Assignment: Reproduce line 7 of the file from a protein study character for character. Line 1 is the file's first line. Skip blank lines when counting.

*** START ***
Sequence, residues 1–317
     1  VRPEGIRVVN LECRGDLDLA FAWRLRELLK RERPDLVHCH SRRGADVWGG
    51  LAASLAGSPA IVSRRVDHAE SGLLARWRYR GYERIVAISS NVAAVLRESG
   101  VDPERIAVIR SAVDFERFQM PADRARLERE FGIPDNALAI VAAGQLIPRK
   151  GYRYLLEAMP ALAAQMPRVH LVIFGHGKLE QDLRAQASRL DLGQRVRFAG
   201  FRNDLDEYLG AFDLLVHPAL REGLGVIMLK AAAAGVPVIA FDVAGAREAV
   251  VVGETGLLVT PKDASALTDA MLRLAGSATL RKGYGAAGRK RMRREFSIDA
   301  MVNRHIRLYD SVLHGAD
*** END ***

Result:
   251  VVGETGLLVT PKDASALTDA MLRLAGSATL RKGYGAAGRK RMRREFSIDA